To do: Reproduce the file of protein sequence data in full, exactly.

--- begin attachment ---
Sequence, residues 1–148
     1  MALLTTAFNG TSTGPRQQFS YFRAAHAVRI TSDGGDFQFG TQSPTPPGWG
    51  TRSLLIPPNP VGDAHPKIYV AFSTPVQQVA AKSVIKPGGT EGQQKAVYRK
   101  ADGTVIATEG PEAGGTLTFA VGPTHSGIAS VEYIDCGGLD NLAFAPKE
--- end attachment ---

Sequence, residues 1–148
     1  MALLTTAFNG TSTGPRQQFS YFRAAHAVRI TSDGGDFQFG TQSPTPPGWG
    51  TRSLLIPPNP VGDAHPKIYV AFSTPVQQVA AKSVIKPGGT EGQQKAVYRK
   101  ADGTVIATEG PEAGGTLTFA VGPTHSGIAS VEYIDCGGLD NLAFAPKE